North-South vulnerable, West deals
♠A J 10 4
♥A K J 10 8 4
♣K 7 6
♠9 5 3 ♠Q 8 6
♥Q ♥9 7 6 5 3
♦K Q J 10 9 2 ♦8 7 5 3
♣J 8 3 ♣Q
♠K 7 2
♦A 6 4
♣A 10 9 5 4 2
WEST NORTH EAST SOUTH
3♦ Dbl 6♦ 7♣
Opening lead: King of ♦
South in today’s deal was Australian Liam Milne. Milne’s bid of seven clubs might have been a bit too brave, but there was bridge reasoning behind it. Had East contented himself with a five-diamond bid, instead of six, Milne would have been perfectly comfortable bidding six clubs. In that light, seven clubs does not seem like such a big stretch. Also, he felt it was likely that East-West would soldier on to seven diamonds, which he would double for a larger penalty than he would get against six diamonds.
Milne caught a very suitable dummy, but the contract was far from cold. He won the opening diamond lead in hand with the ace and stopped to think. East had no more than four diamonds and would not have bid six diamonds with a balanced hand. Unless West had opened three diamonds with a five-card major on the side, which was most unlikely, East’s singleton had to be in clubs. Backing his judgment with his play, Milne cashed the ace of clubs at trick two. The queen fell from East, so Milne led the 10 of clubs and ran it when West played low. A club to the king drew the trumps.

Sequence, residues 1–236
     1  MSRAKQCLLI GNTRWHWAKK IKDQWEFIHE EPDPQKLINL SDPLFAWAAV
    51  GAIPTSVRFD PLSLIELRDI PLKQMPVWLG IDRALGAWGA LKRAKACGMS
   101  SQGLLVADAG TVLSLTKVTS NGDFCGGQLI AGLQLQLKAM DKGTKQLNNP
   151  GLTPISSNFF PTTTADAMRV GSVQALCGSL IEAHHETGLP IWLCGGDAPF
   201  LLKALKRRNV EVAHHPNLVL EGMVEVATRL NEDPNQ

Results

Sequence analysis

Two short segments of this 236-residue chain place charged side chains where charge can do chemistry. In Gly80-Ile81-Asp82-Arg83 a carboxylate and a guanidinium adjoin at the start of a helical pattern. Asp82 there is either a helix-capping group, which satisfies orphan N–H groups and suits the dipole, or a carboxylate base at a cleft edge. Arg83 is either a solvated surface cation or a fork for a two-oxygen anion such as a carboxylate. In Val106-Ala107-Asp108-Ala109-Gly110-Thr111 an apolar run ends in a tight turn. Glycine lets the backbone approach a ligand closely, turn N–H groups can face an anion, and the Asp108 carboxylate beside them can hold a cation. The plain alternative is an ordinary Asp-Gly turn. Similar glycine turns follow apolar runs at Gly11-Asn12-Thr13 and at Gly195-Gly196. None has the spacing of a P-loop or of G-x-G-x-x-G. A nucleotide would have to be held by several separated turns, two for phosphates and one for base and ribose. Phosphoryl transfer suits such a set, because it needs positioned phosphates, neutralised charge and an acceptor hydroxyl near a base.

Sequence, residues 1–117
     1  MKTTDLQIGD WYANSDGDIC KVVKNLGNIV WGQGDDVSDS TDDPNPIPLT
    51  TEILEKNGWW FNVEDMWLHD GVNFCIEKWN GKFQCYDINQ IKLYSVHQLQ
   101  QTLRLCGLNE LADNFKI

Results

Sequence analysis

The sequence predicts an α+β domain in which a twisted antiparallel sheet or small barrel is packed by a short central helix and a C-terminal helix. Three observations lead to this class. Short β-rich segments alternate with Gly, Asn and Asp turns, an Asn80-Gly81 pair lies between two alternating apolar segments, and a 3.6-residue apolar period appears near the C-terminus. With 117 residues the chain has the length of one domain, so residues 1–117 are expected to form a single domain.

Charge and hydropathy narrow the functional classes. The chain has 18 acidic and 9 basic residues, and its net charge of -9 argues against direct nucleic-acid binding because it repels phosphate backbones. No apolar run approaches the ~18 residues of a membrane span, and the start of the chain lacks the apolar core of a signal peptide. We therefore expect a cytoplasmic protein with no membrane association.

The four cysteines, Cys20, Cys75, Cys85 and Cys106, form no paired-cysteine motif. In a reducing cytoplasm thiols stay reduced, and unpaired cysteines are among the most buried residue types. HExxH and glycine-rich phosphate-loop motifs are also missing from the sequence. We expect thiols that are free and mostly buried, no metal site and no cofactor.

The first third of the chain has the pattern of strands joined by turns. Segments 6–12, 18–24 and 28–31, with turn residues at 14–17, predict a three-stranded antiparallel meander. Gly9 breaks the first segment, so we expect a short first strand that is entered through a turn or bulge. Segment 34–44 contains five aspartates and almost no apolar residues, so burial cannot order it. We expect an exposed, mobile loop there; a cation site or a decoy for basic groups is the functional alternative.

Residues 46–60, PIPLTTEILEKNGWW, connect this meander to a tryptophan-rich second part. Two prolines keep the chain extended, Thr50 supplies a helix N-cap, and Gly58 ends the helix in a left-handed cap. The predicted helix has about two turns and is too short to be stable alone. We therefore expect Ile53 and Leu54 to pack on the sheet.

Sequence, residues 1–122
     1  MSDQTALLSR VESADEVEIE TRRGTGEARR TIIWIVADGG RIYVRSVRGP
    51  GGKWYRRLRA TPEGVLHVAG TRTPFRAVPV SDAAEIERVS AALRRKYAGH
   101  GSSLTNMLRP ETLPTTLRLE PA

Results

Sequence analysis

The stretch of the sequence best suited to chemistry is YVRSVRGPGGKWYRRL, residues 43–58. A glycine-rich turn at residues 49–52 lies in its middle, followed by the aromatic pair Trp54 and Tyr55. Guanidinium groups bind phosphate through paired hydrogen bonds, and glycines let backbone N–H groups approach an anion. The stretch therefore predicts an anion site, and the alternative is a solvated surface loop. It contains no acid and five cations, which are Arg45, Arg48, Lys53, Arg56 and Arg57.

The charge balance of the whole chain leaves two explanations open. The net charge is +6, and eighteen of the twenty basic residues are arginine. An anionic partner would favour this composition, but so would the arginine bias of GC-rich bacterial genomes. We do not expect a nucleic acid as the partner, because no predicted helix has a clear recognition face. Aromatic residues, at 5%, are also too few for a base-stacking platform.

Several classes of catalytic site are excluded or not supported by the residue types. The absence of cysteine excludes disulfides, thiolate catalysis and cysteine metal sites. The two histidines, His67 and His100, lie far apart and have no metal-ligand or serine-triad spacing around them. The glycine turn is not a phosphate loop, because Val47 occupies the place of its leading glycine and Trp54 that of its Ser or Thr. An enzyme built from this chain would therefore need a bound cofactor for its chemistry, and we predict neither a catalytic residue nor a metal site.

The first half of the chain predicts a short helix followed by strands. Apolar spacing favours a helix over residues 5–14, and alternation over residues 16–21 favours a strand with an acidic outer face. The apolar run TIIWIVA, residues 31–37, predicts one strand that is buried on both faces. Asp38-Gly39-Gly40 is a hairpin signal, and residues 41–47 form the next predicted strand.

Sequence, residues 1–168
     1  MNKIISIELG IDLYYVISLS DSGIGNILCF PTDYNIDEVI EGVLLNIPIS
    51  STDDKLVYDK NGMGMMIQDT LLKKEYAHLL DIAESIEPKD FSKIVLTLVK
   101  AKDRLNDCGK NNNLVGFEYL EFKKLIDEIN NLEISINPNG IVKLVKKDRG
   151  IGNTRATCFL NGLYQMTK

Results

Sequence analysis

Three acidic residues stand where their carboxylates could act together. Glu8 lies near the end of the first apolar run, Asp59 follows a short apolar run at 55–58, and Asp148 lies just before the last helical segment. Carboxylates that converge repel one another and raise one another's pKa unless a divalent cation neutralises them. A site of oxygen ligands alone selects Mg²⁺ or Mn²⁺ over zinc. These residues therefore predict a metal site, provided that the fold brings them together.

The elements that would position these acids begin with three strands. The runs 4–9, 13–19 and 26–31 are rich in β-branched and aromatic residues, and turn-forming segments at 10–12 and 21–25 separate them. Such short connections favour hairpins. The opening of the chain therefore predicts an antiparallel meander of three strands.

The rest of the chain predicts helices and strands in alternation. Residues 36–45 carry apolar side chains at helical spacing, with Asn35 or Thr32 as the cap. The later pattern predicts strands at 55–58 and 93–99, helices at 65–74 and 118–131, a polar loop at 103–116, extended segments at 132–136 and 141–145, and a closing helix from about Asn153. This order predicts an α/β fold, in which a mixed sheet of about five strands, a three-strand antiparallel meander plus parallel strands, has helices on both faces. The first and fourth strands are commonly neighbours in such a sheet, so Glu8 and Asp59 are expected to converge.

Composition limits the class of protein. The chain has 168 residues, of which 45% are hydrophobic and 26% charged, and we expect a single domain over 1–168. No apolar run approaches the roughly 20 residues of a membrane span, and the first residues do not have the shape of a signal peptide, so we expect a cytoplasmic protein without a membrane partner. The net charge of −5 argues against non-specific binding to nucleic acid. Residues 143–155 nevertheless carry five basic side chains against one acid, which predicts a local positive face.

Milne cashed dummy’s ace and king of hearts, planning to take a ruffing finesse against East for the queen. The fall of the queen from West resulted in a quick claim for declarer. Very nicely played!
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